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Nature and Nurture

". . . What is the moral difference, if any, between the soldier and the civilian?

"The difference . . . lies in the field of civic virtue. A soldier accepts personal responsibility for the safety of the body politic of which he is a member, defending it, if need be, with his life. The civilian does not."

—Robert A. Heinlein
Starship Troopers

War has always fascinated people, both those who are relatively comfortable with it, "hawks" as they are called, and those who abhor it, "doves." Whenever there is a war, ratings for television news go through the roof. People flock to watch war, war, war, and the bigger the explosions and the brighter the tracers the better. Whether they are cheering for their side or protesting the horrors, people cannot seem to get enough of war. The very nature of war defines both the witnesses and the participants.

But when referring to war, or being in the military, it seems odd to use the term 'nurture.' Yet writers are always and everywhere products of both their innate self and their experiences. In this anthology, we have selected a gamut of notable writers who've not only bore witness to war, but also whose experiences of war and the military stretch through the majority of the Twentieth Century and into the Twenty-First, from World War I to the current conflicts in the Middle East, ranging from reprints written by Grand Masters to original fiction from the current generation of warriors. The purpose is not only to share entertaining stories but to explore the mind of the warrior through the lens of authors who have experienced, at the very least, military life and, in most cases, the sting and clash of warfare.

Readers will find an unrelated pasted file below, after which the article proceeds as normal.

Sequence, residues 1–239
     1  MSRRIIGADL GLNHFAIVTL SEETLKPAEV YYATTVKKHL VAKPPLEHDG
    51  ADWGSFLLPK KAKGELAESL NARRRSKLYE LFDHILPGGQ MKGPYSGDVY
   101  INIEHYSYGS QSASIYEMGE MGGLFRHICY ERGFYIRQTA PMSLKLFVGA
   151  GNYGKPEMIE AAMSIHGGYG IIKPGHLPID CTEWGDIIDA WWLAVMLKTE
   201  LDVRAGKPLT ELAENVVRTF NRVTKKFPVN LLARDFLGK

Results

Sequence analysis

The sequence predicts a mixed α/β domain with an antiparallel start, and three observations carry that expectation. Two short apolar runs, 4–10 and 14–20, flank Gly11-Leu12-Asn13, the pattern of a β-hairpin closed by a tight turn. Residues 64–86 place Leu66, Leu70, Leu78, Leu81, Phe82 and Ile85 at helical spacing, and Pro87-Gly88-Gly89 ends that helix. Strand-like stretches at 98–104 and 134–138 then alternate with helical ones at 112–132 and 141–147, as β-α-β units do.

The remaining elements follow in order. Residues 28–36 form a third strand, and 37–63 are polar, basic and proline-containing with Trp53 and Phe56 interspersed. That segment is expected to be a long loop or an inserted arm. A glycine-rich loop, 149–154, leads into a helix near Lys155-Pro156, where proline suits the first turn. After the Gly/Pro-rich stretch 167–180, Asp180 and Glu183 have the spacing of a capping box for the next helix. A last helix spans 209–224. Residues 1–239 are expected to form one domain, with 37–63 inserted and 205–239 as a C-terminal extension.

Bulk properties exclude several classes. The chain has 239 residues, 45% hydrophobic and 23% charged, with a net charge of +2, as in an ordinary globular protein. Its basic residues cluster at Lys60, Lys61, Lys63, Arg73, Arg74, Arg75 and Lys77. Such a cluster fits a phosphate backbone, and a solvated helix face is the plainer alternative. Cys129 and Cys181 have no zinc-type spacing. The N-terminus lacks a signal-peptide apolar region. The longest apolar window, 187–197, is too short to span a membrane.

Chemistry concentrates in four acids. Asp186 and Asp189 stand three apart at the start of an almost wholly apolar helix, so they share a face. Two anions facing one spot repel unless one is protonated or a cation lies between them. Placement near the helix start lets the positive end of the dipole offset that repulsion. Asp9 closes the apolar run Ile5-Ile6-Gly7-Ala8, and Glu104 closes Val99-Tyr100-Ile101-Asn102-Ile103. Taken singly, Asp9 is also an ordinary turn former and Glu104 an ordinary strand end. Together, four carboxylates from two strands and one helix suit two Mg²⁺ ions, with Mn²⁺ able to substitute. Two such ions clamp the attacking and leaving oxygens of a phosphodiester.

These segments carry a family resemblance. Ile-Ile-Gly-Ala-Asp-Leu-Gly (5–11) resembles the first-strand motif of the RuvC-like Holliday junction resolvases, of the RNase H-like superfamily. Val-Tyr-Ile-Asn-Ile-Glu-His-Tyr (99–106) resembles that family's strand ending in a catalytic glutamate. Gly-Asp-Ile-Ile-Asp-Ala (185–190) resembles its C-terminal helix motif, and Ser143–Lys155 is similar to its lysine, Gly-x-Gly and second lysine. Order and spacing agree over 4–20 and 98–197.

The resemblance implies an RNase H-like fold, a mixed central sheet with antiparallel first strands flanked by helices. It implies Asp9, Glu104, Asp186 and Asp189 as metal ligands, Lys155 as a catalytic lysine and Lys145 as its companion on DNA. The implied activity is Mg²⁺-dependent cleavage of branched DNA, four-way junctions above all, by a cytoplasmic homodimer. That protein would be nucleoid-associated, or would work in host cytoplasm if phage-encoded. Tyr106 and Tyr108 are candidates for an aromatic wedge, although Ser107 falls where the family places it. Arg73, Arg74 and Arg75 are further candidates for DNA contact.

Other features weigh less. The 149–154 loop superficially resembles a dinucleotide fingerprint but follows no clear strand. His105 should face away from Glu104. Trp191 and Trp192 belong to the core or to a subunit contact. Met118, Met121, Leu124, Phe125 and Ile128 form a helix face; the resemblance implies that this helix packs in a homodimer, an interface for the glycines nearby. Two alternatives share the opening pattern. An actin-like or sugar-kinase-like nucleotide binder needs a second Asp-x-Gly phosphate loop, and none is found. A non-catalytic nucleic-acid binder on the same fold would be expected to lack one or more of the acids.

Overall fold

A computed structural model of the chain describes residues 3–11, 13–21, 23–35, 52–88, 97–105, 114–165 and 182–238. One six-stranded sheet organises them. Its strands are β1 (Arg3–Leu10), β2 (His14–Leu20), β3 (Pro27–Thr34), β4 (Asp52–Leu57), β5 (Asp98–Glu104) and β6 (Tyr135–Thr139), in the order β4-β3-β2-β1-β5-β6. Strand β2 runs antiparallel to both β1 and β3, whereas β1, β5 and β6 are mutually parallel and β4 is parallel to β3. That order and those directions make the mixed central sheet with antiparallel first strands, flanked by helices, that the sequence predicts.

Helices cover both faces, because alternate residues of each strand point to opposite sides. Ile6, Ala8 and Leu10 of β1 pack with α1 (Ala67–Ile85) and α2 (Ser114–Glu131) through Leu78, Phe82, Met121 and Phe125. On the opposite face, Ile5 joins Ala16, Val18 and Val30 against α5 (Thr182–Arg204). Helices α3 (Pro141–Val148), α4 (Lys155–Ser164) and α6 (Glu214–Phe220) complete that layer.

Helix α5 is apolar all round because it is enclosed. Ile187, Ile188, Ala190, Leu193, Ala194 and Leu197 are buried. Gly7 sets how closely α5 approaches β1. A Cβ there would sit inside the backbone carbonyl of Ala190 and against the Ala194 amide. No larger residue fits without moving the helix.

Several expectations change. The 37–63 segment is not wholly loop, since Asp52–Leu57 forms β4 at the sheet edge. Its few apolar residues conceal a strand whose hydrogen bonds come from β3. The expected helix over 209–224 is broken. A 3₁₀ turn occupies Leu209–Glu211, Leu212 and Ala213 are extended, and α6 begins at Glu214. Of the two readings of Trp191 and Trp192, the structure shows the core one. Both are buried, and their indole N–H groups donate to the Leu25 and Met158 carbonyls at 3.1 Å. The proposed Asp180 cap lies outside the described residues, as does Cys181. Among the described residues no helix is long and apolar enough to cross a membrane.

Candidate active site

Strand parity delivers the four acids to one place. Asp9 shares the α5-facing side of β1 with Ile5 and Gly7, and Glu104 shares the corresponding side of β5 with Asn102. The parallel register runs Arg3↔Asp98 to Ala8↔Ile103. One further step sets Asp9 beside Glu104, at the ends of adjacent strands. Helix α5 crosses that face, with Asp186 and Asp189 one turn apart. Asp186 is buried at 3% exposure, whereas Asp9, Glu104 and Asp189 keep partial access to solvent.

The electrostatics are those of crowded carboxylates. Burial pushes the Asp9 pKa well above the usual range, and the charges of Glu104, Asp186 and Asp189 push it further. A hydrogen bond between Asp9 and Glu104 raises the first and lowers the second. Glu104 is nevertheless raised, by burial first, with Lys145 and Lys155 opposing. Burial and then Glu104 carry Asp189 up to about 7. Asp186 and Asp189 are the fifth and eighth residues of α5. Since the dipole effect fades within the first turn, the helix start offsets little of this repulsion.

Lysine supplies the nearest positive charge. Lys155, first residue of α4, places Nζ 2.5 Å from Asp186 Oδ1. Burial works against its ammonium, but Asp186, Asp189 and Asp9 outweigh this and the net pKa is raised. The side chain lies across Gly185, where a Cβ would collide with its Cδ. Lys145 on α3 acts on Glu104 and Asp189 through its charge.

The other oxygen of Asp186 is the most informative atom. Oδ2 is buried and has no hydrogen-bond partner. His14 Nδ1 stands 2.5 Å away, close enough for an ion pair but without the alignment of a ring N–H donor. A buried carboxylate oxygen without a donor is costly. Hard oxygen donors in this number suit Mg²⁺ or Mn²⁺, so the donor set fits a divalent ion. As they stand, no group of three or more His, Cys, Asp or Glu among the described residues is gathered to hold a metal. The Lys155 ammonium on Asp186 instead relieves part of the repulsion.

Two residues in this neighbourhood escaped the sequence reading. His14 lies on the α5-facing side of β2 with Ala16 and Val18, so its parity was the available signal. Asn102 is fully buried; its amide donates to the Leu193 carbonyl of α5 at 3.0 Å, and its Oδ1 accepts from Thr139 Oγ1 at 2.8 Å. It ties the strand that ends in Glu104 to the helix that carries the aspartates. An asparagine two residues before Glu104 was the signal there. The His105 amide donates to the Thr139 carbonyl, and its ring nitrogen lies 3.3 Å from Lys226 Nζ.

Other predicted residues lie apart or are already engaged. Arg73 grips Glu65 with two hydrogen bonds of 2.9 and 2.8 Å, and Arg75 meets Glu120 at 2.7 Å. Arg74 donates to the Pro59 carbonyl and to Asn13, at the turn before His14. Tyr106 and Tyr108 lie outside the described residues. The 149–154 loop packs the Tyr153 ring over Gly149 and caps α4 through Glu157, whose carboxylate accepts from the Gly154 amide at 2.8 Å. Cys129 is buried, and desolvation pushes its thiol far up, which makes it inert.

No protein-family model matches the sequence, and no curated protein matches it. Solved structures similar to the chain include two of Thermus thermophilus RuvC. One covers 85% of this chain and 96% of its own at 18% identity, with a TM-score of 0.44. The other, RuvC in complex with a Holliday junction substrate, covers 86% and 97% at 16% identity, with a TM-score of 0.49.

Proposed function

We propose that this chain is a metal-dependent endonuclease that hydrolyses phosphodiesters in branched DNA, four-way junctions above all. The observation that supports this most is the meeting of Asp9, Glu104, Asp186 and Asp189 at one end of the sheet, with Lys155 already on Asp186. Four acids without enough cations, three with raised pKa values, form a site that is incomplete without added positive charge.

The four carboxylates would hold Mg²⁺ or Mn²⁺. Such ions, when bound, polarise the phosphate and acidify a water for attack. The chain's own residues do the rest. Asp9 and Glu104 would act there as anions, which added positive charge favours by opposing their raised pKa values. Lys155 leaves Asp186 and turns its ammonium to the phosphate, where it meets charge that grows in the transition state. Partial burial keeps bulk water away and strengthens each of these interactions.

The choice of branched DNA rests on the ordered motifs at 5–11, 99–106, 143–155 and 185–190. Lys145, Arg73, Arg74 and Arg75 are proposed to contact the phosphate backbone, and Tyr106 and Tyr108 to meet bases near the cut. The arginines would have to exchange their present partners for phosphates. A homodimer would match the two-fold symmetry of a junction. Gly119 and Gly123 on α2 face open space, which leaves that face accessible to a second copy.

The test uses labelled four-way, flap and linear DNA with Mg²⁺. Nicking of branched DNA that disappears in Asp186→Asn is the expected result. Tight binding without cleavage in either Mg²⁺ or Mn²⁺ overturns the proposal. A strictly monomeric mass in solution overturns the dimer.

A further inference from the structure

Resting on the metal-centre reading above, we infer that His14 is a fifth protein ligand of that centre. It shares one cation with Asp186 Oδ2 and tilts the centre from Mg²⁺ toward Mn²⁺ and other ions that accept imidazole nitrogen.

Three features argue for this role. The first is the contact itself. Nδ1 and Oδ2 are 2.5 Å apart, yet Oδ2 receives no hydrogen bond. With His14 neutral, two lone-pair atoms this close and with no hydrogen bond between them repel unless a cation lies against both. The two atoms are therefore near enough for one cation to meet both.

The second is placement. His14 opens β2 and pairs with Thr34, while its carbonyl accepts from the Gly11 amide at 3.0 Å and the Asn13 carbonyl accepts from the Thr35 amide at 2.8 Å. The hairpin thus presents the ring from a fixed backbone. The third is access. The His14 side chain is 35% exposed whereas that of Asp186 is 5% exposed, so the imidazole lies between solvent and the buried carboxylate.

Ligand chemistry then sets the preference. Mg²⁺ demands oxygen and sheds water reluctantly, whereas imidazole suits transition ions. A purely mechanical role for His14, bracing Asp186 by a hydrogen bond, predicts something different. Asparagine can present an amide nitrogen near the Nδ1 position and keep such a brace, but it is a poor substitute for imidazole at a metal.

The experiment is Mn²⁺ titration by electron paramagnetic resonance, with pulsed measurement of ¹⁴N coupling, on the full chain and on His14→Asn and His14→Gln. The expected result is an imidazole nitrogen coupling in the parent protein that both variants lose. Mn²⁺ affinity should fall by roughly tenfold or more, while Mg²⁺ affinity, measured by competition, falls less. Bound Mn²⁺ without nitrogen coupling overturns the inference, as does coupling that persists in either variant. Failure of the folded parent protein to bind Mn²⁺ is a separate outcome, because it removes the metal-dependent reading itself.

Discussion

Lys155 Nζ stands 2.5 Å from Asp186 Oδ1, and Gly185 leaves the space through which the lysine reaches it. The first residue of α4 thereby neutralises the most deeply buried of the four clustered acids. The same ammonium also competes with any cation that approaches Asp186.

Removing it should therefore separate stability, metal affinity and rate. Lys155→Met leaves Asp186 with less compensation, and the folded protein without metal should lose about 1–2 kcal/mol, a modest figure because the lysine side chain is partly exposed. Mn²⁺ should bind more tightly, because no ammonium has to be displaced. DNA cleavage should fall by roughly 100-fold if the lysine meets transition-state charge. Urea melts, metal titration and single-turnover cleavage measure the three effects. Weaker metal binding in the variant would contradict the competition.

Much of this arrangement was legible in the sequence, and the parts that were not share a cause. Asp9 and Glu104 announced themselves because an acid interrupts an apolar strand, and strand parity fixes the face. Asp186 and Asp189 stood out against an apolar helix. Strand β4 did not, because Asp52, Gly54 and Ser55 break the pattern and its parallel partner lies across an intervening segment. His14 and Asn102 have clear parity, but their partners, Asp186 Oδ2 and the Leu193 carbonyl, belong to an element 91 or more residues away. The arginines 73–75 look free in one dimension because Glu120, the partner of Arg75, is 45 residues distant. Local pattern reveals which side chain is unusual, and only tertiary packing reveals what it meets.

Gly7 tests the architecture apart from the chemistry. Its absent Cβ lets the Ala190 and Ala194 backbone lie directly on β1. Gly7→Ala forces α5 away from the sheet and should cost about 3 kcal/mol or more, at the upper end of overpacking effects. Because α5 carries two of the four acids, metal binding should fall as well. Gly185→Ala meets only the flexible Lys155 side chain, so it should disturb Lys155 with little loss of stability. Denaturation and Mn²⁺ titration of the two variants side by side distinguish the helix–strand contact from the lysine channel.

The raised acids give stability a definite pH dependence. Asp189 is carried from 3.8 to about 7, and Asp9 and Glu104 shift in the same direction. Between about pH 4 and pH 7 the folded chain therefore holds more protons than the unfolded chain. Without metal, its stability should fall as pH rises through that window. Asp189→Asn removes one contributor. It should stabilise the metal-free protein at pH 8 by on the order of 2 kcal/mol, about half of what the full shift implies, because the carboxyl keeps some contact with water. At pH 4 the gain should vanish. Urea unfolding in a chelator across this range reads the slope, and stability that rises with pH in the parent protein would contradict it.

Writing about war can be classified into various tropes. Some writers of military fiction are cynical about the nature and purpose of war, some realistic in recognizing that it exists and that, sad is it may be, war is sometimes necessary and even just. Few in this day and age, or for much of the twentieth century, glorified it. War was too common and devastating throughout that century, and too omnipresent through the media of television, film and radio. Yet even in the most cynical of writing about war and warriors there is an underlying thread of majesty to the warriors themselves. No matter how unpleasant their personal experience of war, writers tend to find essential value in the warriors themselves, both their protagonists and even the antagonists, both in their very nature and how they handle the environment which fostered them.

For the rest, we leave it to the readers to decide.

Bring on the war.

—John Ringo, February 2010

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